The trading whipsaw came as analysts have called for Apple to diversify its revenues away from the iPhone.
Because the majority of Apple's revenue comes from iPhones, the company may become a "victim of its own success" as it tries to ramp up sales in an increasingly saturated smartphone market, Colin Gillis, senior technology analyst at BGC Financial, told CNBC's "Squawk Alley" in December.
Though Tuesday's wearable news failed to gain ground for Apple and Fitbit, many industry insiders remain optimistic for the wearable market at large.
The connected health market, including personal fitness tracking, got the nod as one of the top app markets by The App Association's latest report, which predicts the market will reach $117 billion by 2020. And while the world is still waiting for a "Watch-first killer app," entrepreneur Andrew Chen said the wearable "could create a new generation of apps and start-ups."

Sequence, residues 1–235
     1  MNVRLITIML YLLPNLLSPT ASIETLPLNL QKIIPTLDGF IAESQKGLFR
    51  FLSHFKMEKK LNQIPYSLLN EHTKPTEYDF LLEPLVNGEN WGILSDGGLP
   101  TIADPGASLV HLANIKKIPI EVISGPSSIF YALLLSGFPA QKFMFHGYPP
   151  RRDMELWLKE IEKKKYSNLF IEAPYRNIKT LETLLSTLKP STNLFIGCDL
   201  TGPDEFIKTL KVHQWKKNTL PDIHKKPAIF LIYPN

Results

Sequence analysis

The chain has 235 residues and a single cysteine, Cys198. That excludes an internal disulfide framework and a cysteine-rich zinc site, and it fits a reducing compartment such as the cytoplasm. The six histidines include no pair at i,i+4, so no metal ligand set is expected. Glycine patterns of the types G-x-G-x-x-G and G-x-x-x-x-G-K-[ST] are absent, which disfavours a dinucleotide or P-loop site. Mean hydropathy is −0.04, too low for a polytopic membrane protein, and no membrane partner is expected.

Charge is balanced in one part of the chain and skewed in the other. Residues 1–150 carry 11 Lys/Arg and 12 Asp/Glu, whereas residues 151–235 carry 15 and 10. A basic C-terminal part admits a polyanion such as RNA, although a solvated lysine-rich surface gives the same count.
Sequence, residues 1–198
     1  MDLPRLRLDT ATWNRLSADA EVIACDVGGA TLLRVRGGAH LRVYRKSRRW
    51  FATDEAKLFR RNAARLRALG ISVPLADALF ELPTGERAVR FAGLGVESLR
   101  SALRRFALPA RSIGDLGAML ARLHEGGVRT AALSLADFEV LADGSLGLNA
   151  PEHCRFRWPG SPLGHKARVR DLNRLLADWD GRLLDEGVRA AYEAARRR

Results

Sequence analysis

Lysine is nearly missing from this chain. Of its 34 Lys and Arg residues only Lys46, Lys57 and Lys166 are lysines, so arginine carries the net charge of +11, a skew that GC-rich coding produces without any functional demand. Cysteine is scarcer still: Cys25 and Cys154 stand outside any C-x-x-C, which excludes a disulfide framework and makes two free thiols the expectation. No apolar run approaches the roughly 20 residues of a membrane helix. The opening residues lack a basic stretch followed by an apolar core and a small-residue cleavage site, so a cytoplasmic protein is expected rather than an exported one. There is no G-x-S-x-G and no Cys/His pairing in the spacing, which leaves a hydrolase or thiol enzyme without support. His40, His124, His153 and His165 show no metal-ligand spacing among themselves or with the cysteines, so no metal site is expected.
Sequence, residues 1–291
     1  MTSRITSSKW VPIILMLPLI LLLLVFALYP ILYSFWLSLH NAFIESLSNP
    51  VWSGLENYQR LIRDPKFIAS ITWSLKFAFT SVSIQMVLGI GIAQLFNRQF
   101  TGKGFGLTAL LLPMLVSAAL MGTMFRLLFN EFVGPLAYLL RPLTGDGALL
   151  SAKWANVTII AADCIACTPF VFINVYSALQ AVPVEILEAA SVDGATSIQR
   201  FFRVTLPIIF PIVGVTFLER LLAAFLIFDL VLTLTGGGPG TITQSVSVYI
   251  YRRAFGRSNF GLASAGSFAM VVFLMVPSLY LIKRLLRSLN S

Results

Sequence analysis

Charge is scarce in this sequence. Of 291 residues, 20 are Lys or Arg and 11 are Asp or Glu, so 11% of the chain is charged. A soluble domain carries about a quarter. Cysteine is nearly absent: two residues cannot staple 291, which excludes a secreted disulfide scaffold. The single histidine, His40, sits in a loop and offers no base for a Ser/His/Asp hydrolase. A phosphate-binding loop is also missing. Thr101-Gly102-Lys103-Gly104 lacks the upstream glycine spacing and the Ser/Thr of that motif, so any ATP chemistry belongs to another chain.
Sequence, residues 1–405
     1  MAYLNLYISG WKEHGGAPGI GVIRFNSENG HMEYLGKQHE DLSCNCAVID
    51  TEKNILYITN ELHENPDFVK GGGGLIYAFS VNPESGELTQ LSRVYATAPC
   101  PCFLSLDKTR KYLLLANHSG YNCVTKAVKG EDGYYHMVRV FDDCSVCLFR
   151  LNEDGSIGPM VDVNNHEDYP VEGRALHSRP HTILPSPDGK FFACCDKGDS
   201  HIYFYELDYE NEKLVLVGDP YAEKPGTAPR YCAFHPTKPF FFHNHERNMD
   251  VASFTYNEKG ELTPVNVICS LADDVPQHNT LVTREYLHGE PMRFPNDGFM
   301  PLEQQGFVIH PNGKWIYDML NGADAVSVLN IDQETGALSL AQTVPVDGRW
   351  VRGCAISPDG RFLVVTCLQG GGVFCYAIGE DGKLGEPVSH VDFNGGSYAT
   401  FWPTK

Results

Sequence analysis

"While it remains very early days, we believe wearables represent a major tangential growth opportunity in terms of the Internet of Things (IoT), which is expected to be the centerpiece of much technology innovation slated for 2016 with Apple, IBM, Google, Intel, Cisco and Microsoft leading the IoT charge in our opinion," wrote Daniel Ives, managing director and senior analyst at FBR Capital Markets, in a recent note.
— CNBC's Fred Imbert contributed to this report.